Helen Keller’s brief career in silent film began when she was approached by historian and author of the popular Photographic History of the Civil War Francis Trevelyan Miller, who hoped to write a motion picture script based on Keller’s life and work. Miller, in a January 1918 letter to Keller, argued that the motion pictures were “a universal language” and an opportunity for the deaf-blind author and activist to share her political and social message with the world. Keller, who was often frustrated by the limitations of biographical interest in her life, responded to the broader vision of the project and wrote, typing in her distinctive typing style, back to him in April: “So according to your conception, the interest of our life-drama will not be confined to the events of my life, but will be spread out all round the world [… ] and bring many vital truths home to the hearts of the people, truths that shall hasten the deliverance of the human race.” This rhetoric becomes more pointed in the context of Keller’s public life; she had been a politically active Socialist since 1912.
With money raised through Keller’s philanthropic connections and George Foster Platt hired as director for the film, the Helen Keller Film Corporation was created in May 1918. Miller became its president, and production of the film Deliverance began. Despite the alleged universality of the medium, everyone involved found that significant translations were necessary for the director to communicate with the film’s star, Keller herself. After Anne Sullivan Macy had interpreted Platt’s directions for Keller, or she had read his lips with her hands, Platt would tap on the floor during actual filming to cue Keller’s movements and facial expressions. Reports of this process appear in various publicity articles, but the most detailed descriptions of the film production, and its difficulties, come from Keller’s memoir Midstream and her correspondence from the period.
In her 1929 biography Midstream, Keller writes of an initial “exaltation” over the decision to attempt “a mystical unfoldment of my story” rather than “a matter of fact narrative” (195–200), but after Keller and Macy viewed a version of the film, with Macy finger spelling descriptions of the action and images, Macy wrote Miller with a list of objections. Macy and Keller revised and edited the existing titles and requested the editing or removal of various scenes. Meanwhile, Keller contacted the film’s investors, invoking in an April 1919 letter the “right to reject the picture if it does not satisfy us.” For the investors Keller described, indignantly, “a scene called ‘The Council Chamber,’ where all the great generals, kings and statesmen are assembled in a sort of peace conference. I enter … and proclaim the Rights of Man rather feebly. There is no foundation in fact for such a scene, and the symbolism is not apparent. We want it omitted. This scene is followed by a Pageant with me on horseback, leading all the peoples of the world to freedom—or something. It is altogether too hilarious to typify the struggles of mankind for liberty.”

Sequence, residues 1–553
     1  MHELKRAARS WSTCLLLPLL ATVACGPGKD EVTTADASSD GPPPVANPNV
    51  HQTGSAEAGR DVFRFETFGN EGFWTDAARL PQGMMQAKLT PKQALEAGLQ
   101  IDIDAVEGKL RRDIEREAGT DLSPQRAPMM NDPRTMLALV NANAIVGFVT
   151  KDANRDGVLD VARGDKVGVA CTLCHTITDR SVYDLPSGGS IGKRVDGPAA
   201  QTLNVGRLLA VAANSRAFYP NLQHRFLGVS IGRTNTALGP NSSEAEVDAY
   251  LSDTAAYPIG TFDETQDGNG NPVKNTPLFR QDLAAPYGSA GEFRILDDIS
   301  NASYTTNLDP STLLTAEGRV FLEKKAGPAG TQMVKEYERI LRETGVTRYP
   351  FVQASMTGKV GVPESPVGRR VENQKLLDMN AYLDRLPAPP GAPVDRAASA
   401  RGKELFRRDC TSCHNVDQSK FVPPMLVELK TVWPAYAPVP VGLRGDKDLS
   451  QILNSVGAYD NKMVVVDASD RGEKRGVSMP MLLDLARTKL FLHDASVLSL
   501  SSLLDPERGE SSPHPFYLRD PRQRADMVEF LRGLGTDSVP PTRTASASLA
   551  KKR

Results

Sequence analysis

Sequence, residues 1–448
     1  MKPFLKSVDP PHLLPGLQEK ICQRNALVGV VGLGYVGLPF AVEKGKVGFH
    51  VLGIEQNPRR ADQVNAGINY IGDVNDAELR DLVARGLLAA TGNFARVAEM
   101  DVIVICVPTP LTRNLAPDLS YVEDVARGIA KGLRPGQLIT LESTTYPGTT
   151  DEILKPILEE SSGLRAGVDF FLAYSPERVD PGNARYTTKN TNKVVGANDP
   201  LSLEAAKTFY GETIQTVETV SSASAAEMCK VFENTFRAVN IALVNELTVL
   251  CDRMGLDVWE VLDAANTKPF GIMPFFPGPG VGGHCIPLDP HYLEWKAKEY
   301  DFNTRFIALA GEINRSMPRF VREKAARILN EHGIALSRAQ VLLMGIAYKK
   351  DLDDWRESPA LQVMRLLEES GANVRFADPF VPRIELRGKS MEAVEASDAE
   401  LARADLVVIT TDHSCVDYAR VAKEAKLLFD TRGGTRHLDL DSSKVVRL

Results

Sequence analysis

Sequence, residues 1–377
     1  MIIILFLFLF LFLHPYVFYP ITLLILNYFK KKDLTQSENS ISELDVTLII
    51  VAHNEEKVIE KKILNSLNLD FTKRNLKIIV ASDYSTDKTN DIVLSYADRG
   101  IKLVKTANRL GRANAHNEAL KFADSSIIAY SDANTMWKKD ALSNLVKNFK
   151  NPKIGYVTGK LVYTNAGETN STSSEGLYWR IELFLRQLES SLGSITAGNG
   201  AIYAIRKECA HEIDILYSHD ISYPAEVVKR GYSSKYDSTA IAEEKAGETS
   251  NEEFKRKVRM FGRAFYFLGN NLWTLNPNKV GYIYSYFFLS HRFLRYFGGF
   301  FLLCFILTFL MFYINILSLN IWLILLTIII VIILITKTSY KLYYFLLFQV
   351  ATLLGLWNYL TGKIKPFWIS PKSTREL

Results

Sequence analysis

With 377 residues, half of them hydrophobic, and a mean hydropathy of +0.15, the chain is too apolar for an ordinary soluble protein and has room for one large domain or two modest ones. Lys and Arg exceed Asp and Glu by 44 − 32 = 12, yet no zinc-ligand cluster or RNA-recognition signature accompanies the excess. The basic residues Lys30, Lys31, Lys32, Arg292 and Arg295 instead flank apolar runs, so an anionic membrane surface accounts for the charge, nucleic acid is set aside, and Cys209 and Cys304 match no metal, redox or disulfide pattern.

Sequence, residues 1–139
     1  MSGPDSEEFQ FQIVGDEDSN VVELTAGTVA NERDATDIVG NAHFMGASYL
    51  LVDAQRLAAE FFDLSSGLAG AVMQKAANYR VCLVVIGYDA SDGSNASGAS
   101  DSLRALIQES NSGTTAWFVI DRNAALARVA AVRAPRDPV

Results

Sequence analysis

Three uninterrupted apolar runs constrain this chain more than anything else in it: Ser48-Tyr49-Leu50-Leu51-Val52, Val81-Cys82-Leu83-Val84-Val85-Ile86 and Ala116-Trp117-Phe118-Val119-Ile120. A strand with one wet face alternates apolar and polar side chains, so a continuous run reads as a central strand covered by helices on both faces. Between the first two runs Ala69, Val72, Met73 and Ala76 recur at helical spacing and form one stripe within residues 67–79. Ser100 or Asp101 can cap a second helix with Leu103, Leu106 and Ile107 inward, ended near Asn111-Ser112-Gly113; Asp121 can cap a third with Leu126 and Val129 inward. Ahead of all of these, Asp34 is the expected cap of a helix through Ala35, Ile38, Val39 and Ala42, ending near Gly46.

Unfortunately, the producers did not take Keller’s perceptive critique of the weakest elements of the film seriously. The extant version of the film includes much of the footage that Keller and Macy found objectionable and actually opens with the scene in “The Council Chamber.” The following two “acts,” titled “Childhood,” in which Keller is played by a child actress, and “Maidenhood,” loosely follow Keller’s 1903 autobiography, The Story of My Life, and did meet with Macy and Keller’s approval. Some of the more fantastic scenes of Keller’s “Maidenhood,” including a daydream romance with Homer’s Odysseus, reveal the influence of Keller’s literary metaphors, as well as the influence of the sensorially rich descriptive literary style of her 1908 essay collection The World I Live In. Still, Keller and Macy were disappointed with the film.
Deliverance introduces a fictional character into Keller’s childhood in Tuscumbia, Alabama—a young immigrant girl named Nadja. Scenes from Nadja’s life, a fairly conventional silent-era story of poverty and hardship, are crosscut with scenes from Keller’s biography. The women reunite after Nadja’s son returns from war blinded and she seeks Keller’s aid. While the film includes no direct representations of Keller’s adult political work or speeches—“Act Three Womanhood” focuses instead on Keller’s sensory experiences and domestic arrangements—Nadja’s story carries an explicitly political, but conventionally patriotic, message.
In their correspondence with the filmmakers, Macy and Keller repeatedly insisted that they wanted the film to include scenes from the rehabilitation hospitals where blinded World War I veterans were learning to adjust physically and psychologically to their disabilities, work Keller was then advocating. These scenes would have been more in tune with Keller’s pacifist and socialist opposition to a war that, as she writes in “Strike Against War,” would take “the lives of millions of young men; other millions crippled and blinded for life; existence made hideous for still more millions of human beings” (79). One can’t help but contrast this statement of Keller’s antiwar sympathies with the images of the uplifting and heroic blinded soldier that appears beside the adult Keller in the film’s final scenes.
Keller had planned to speak at the August 1919 New York premiere of the film, but an actors and musicians strike was underway in the city and, according to the New York Times, “when she learned that the actors were striking against the Schuberts, who own the Lyric [the theatre premiering Keller’s film], she declined to come to the theatre” (1). The film was not successful at the box office, and distributor George Kleine eventually wrote to Keller that the film would be distributed for educational purposes and that he had removed the Nadja story to satisfy her.